Imbolc means, literally, "in the belly". For in the womb of Mother Earth, hidden from our mundane sight but sensed by a keener vision, there are stirrings. The seed that was planted in her womb at the solstice is quickening and grows. Imbolc is the festival of the Maiden, for from this day to March 21st, it is her season to prepare for growth and renewal. This sabbat celebrates the first evidence of the return of life. The Sun is slowly starting to make its return and the very hardiest of plants will begin to grow again from this day forth. This is a time for renewal. Dispense with all that holds you back and start fresh. Purify your soul and everything that surrounds you. This is a time for initiations or rededications.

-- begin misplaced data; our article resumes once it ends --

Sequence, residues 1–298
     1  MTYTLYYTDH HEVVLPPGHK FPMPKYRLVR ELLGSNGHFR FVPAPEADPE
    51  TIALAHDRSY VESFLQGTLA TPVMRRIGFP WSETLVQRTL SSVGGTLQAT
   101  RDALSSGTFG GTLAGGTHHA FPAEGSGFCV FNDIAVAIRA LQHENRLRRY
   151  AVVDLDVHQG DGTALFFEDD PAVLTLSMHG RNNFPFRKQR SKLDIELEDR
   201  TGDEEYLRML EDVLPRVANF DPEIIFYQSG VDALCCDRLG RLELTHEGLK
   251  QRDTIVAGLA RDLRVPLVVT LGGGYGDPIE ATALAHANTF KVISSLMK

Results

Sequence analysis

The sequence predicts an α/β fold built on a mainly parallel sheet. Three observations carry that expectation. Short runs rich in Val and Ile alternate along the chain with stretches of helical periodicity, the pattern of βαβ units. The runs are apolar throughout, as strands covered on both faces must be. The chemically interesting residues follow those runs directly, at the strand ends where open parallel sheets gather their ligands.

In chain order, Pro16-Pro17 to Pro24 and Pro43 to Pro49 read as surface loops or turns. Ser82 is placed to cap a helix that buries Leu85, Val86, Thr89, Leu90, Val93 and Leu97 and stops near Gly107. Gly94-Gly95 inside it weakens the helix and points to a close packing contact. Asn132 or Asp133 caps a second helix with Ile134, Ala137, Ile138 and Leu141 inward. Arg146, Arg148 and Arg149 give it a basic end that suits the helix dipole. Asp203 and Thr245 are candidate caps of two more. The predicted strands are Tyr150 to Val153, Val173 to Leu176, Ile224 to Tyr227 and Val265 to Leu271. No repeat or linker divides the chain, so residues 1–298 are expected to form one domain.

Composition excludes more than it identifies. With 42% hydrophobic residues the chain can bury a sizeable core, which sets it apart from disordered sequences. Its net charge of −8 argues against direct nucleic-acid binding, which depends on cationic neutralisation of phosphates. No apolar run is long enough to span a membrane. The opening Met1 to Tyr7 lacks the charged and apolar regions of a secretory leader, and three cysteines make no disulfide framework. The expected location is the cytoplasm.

Imbolg is also called "Brigit's Day", in honor of the great Irish Goddess Brigit. At her shrine, the ancient Irish capital of Kildare, a group of 19 priestesses (no men allowed) kept a perpetual flame burning in her honor. She was considered a goddess of fire, the patroness of smithcraft, poetry and healing (especially the healing touch of midwifery). This tripartite symbolism was occasionally expressed by saying that Brigit had two sisters, also named Brigit. Another form of the name Brigit is Bride, and it is thus She bestows her special patronage on any woman about to be married or handfasted, the woman being called "bride" in her honor. The Roman Catholic Church could not very easily call the Great Goddess of Ireland a demon, so they canonized her instead. Henceforth, she would be "Saint" Brigit, patron saint of smithcraft, poetry, and healing. Brigit's holiday was chiefly marked by the kindling of sacred fires, since she symbolized the fire of birth and healing, the fire of the forge, and the fire of poetic inspiration. Bonfires were lighted on the beacon tors, and chandlers celebrated their special holiday. The Roman Church was quick to confiscate this symbolism as well, using "Candlemas" as the day to bless all the church candles that would be used for the coming liturgical year. The Catholic Church, never one to refrain from piling holiday upon holiday, also called it the Feast of the Purification of the Blessed Virgin Mary. It is surprising how many of the old Pagan holidays were converted to Mary Feasts. The symbol of the Purification may seem a little obscure to modern readers, but it has to do with the old custom of "churching women". It was believed that women were impure for six weeks after giving birth. And since Mary gave birth at the winter solstice, she wouldn't be purified until February 2nd. In Pagan symbolism, this might be re-translated as when the Great Mother once again becomes the Young Maiden Goddess.